Figure 2. The five-gene prognostic signature predicts the OS of patients with sarcoma. (A) Risk score distribution in the TCGA-SARC dataset. (B) OS time distribution in the TCGA-SARC dataset. (C) Expression heatmap of the five genes in the TCGA-SARC dataset. (D) Kaplan–Meier analysis of OS based on the signature in the TCGA-SARC cohort. (E) Receiver operating characteristic (ROC) analysis of OS prediction in the TCGA-SARC cohort. (F) Risk score distribution in the GSE17674 dataset. (G) OS time distribution in the GSE17674 dataset. (H) Expression heatmap of the five genes in the TCGA-SARC dataset. (I) Kaplan–Meier analysis of OS based on the signature in the GSE17674 cohort. (J) ROC analysis of OS prediction in the GSE17674 cohort.
The risk score distribution for OS prediction in the GSE17674 dataset is shown in Figure 2F, and the distribution of OS status ranked by risk score is presented in Figure 2G. The expression profiles of the five antioxidant genes in the two groups are shown in Figure 2H. Survival analysis revealed that patients in the low-risk group had a better OS than those in the high-risk group (Figure 2I). The AUCs in time-dependent ROC analysis for 2-, 4-, and 6-year OS were 0.649, 0.710, and 0.690, respectively (Figure 2J).
The risk score distribution for DFS prediction in the TCGA-SARC dataset is shown in Figure 3A, and the distribution of DFS status ranked by risk score is presented in Figure 3B. The expression profiles of the five antioxidant genes in the two groups are shown in Figure 3C. Survival analysis revealed that patients in the low-risk group had a better DFS than those in the high-risk group (Figure 3D). The AUCs in time-dependent ROC analysis for 2-, 4-, and 6-year DFS were 0.654, 0.668, and 0.743, respectively (Figure 3E).
Figure 3. The six-gene prognostic signature predicts the DFS of patients with sarcoma. (A) Risk score distribution in the TCGA-SARC dataset. (B) OS time distribution in the TCGA-SARC dataset. (C) Expression heatmap of the six genes in the TCGA-SARC dataset. (D) Kaplan–Meier analysis of OS based on the signature in the TCGA-SARC cohort. (E) ROC analysis of OS prediction in the TCGA-SARC cohort. (F) Risk score distribution in the GSE30929 dataset. (G) OS time distribution in the GSE30929 dataset. (H) Expression heatmap of the six genes in the TCGA-SARC dataset. (I) Kaplan–Meier analysis of OS based on the signature in the GSE30929 cohort. (J) ROC analysis of OS prediction in the GSE30929 cohort.
The risk score distribution for DFS prediction in the GSE17674 dataset is shown in Figure 3F, and the distribution of DFS status ranked by risk score is presented in Figure 3G. The expression profiles of the five antioxidant genes in the two groups are shown in Figure 3H. Survival analysis revealed that patients in the low-risk group had a better DFS than those in the high-risk group (Figure 3I). The AUCs in time-dependent ROC analysis for 2-, 4-, and 6-year DFS were 0.781, 0.793, and 0.688, respectively (Figure 3J).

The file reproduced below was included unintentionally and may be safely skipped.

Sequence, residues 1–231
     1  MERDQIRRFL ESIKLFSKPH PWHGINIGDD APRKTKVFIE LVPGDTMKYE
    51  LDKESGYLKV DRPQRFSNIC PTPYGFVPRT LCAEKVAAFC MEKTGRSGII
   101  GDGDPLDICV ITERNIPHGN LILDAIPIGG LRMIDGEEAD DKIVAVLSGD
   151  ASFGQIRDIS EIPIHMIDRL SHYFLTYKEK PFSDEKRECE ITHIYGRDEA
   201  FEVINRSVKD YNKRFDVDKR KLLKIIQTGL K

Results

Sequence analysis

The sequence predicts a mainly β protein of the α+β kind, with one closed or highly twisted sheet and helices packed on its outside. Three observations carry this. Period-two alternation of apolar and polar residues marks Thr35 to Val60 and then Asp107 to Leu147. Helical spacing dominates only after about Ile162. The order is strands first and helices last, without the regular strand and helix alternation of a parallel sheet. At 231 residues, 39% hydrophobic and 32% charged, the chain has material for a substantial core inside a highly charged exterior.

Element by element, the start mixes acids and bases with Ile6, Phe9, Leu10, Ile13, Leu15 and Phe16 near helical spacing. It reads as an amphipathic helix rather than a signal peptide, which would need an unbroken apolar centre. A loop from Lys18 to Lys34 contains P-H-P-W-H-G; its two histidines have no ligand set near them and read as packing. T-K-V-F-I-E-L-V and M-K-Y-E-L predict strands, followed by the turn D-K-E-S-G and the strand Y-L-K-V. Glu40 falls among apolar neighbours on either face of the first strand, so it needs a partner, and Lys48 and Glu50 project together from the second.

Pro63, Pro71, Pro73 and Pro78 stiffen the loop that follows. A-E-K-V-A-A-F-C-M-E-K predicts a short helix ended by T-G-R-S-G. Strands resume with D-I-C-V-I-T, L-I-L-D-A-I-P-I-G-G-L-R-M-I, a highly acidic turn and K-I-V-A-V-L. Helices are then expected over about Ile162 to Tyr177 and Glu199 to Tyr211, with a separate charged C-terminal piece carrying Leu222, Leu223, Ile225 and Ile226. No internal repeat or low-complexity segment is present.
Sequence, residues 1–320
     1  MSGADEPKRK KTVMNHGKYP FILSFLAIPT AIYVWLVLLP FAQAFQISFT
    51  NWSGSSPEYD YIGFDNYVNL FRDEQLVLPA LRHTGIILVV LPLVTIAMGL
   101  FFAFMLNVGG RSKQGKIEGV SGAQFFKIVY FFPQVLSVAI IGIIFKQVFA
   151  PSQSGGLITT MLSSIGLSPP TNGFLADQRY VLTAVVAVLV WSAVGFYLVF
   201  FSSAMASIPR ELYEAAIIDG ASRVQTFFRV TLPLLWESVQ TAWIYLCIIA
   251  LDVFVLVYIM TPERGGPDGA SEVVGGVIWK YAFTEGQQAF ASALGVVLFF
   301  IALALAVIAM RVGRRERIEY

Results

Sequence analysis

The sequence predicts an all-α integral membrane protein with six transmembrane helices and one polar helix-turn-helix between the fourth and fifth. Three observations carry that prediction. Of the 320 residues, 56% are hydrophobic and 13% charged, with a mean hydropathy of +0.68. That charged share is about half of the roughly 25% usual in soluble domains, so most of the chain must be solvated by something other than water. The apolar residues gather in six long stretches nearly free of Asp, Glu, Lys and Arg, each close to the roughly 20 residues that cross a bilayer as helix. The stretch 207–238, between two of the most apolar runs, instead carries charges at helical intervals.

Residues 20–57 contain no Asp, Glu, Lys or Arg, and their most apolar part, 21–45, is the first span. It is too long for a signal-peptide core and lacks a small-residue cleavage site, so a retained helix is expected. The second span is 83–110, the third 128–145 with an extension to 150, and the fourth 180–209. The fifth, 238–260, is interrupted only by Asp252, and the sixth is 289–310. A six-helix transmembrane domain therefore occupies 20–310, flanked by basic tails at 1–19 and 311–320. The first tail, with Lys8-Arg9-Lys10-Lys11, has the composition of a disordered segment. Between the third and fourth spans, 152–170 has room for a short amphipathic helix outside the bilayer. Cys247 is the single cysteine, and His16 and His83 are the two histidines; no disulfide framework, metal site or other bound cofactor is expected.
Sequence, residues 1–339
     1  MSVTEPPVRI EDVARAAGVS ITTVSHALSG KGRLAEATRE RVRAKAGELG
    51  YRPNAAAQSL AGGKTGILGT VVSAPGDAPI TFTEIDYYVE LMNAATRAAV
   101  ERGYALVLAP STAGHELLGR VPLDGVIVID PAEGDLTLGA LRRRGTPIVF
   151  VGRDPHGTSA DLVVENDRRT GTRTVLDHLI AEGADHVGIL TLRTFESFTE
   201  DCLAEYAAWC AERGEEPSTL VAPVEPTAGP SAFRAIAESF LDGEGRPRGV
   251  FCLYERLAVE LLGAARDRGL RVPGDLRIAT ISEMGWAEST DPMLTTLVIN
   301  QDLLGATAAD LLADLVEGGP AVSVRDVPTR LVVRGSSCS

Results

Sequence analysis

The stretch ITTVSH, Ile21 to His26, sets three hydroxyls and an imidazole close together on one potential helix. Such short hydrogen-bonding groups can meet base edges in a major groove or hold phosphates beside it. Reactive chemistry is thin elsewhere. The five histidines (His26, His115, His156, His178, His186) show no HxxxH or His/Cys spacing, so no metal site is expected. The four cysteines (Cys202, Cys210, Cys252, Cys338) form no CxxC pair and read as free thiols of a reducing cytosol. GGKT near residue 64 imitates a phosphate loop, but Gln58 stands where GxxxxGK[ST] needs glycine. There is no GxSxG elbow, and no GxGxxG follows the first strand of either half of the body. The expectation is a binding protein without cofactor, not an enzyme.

Gene mutation analysis and gene set enrichment analysis (GSEA)
Gene mutation analysis of the 10 antioxidant genes included in the OS and DFS signatures showed that S100A9, GPX7, IPCEF1, PXDN, and GPX5 were the most frequently mutated genes. Notably, amplification was the most common type of mutation, and S100A9, IPCEF1, and GPX7 were frequently amplified in sarcoma (Figure 4A). Subsequently, we performed GSEA based on Gene Ontology (GO) functional annotation and Kyoto Encyclopedia of Genes and Genomes (KEGG) pathway annotation in the low- and high-risk groups. The top five GO terms and KEGG pathways that were significantly enriched in the high-risk group are shown in Figure 4B, 4C.
Figure 4. Gene mutation and gene set enrichment analyses. (A) Mutational profiles of the antioxidant genes included in the signature of sarcoma (obtained from cBioPortal). (B) Gene ontology (GO) functional annotation terms and Kyoto Encyclopedia of Genes and Genomes (KEGG) pathways enriched in the OS high-risk group. (C) GO functional annotation terms and KEGG pathways enriched in the DFS high-risk group.
Immune characteristics of sarcomas
CIBERSORT was used to compare the level of infiltration of 22 immune cell types between the low- and high-risk groups in the TCGA-SARC samples. Figure 5A shows the tumor-infiltrating immune cell composition in each sample. Among the 22 immune cell types, the levels of infiltration of plasma cells, non-activated macrophages (M0), and cytotoxic CD8+ T cells were significantly different between the OS low- and high-risk groups (Figure 5B). For DFS, the levels of infiltration of memory CD4+ T cells and M0 and proinflammatory (M1) macrophages were significantly different between the two groups (Figure 5C).